Om Amira felt the responsibility not only to continue making a living for her kids, but also to take care of the piece of land that her husband left her. He always encouraged her to realize how precious this land was. Om Amira’s husband used to ask her: “what weighs more? One meter of land or one meter of gold”, and before she answered, he would tell her that a meter of land of course was of more value. Her son seems to have inherited the concept of the ‘preciousness’ of inheriting land from his father, and he wants to continue working on it, as this would be better than graduating with a degree and not finding a job, he explains. His father was a graduate, and the government provided land and a house for all the jobless graduates at that time in order to compensate for the fact that they could not find a job.
Om Amira explains that their life was almost impossible when they first came to the graduate village 22 years ago (1995). They moved to a harsh environment where no services were provided for the villages at the time of settlement. “No water and no bread”, she says.
Drinking water was only introduced seven years ago as part of the East Delta Agricultural Services Development Project, before that they depended on trucks. The government initially also used to help new settlers by bringing in oil, margarine, and duck, but this support stopped already 13 years ago. The other most basic services, such as education, health services, came to the area only very gradually. The settlers literally had to set up a new livelihood from scratch.
When her brother came and visited her in the beginning when they had settled, he told her husband: “if my father sees what his daughter has ended up living like, he would divorce you from her immediately”. She always complained, she elaborates, to her husband that they lived in a remote place far away from their family members. Om Amira complains about some of the problems in the area, but she does not seem to be willing to leave the village. She always mentions that she is astonished of those graduates who sold their “precious” piece of land and left the area.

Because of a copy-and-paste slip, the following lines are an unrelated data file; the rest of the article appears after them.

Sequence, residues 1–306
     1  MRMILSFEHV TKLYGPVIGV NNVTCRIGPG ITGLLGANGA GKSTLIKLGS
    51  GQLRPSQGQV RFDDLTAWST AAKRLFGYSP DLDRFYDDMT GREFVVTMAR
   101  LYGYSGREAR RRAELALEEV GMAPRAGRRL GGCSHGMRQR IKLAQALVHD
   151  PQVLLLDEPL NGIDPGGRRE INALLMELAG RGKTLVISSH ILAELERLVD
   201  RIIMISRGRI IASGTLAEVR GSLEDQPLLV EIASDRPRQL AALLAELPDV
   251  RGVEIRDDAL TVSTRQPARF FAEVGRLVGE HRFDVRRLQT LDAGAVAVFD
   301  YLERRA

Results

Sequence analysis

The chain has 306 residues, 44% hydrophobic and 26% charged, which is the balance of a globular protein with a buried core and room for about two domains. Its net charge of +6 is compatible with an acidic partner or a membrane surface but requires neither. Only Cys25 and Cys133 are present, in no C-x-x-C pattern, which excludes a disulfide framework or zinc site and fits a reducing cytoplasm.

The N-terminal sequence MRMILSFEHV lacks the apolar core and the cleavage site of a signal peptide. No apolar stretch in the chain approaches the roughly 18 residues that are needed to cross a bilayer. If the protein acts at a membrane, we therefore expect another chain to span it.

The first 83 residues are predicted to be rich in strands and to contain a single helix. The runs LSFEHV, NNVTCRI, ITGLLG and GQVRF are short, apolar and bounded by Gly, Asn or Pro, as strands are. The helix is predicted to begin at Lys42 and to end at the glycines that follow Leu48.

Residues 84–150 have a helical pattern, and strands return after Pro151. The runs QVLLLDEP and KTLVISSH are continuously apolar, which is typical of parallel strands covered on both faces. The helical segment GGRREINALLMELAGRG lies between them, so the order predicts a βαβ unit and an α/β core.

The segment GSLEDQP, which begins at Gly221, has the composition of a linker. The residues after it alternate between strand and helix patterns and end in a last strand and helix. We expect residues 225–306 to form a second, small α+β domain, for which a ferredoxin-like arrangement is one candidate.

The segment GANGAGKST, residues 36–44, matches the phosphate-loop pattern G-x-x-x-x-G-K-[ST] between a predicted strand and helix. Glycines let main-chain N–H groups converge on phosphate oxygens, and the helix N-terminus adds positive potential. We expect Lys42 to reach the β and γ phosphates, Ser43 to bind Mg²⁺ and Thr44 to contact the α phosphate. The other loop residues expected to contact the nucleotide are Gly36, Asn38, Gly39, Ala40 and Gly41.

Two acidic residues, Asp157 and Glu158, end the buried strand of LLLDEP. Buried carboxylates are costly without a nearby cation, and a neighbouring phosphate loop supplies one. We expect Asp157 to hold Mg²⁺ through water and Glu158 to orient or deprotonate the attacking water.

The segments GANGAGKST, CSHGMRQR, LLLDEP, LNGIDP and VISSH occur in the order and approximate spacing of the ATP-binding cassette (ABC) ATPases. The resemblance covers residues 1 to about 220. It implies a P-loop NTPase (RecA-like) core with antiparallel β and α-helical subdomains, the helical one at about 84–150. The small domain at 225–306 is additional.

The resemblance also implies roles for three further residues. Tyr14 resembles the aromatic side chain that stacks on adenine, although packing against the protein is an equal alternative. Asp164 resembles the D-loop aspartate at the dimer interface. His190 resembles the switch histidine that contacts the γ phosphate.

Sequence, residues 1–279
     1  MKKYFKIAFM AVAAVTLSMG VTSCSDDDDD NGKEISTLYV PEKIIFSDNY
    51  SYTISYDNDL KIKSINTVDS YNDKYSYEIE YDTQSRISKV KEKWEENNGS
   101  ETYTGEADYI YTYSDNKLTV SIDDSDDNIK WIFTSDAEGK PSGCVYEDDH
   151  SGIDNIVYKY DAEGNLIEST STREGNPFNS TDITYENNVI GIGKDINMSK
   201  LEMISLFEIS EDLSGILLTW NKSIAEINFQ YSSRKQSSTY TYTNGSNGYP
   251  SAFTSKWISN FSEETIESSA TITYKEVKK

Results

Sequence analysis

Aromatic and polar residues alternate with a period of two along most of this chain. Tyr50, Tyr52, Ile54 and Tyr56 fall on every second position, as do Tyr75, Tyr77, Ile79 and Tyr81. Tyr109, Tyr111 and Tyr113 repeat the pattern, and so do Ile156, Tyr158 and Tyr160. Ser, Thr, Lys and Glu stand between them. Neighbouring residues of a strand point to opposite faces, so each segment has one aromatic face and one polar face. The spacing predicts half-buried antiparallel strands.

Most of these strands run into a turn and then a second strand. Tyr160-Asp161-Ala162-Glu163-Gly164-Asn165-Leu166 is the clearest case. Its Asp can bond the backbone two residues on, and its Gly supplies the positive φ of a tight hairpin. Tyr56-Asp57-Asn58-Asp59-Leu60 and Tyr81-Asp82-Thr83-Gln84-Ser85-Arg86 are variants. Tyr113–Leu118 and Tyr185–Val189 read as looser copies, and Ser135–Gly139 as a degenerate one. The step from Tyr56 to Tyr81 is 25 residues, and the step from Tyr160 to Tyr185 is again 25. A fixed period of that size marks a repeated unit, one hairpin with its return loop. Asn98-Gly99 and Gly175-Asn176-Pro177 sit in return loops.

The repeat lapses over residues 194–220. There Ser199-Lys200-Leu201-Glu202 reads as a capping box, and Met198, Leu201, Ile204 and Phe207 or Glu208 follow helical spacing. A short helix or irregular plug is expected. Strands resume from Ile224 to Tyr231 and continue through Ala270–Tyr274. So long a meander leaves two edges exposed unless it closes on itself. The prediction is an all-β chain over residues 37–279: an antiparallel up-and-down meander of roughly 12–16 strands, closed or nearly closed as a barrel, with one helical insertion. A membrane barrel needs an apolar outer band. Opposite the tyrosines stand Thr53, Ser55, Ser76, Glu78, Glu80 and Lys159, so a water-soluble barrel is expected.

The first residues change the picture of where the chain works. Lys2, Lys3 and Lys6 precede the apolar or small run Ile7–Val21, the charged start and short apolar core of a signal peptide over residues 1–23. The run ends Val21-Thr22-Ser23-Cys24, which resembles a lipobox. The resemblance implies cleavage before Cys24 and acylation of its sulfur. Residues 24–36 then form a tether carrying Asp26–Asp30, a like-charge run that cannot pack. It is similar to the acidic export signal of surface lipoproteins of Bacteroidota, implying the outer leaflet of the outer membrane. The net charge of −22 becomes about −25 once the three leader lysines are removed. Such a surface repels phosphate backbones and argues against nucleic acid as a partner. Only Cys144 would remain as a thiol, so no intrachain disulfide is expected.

In order to support her family after her husband’s death in 2013, Om Amira sometimes plants vegetables and goes to sell them on the market or even to her neighbors. When she does not have vegetables, she sometimes buys some from her neighbors and goes to the big market to sell them.
She also takes care of the livestock that they have, which consists of some buffalo, cows, chickens, and ducks. She sometimes even sells cow milk and is very proud of her milk and the fact that the neighbors seek this milk specifically because of its good quality.
Om Amira’s children often visit their family relatives from their father’s side in Cairo. She always makes fun of this by saying “they have a different accent from me, they speak the modern Egyptian accent of the Cairo area”. Om Amira herself thinks she has what she calls the “farmers’ accent”, since she does not visit that much and is therefore not exposed to other Egyptian accents.
To Amira the construction of the Salam Canal was only a temporary dream. For her the canal was only useful during the first two years of its operation, when it provided enough water to the tail end of the Talta branch canal. Thereafter the water did not reach the the area anymore in the critical periods. Now, almost everyone here is using water from the Bahr El Ba’ar drain, to which the people together made a connection for this purpose.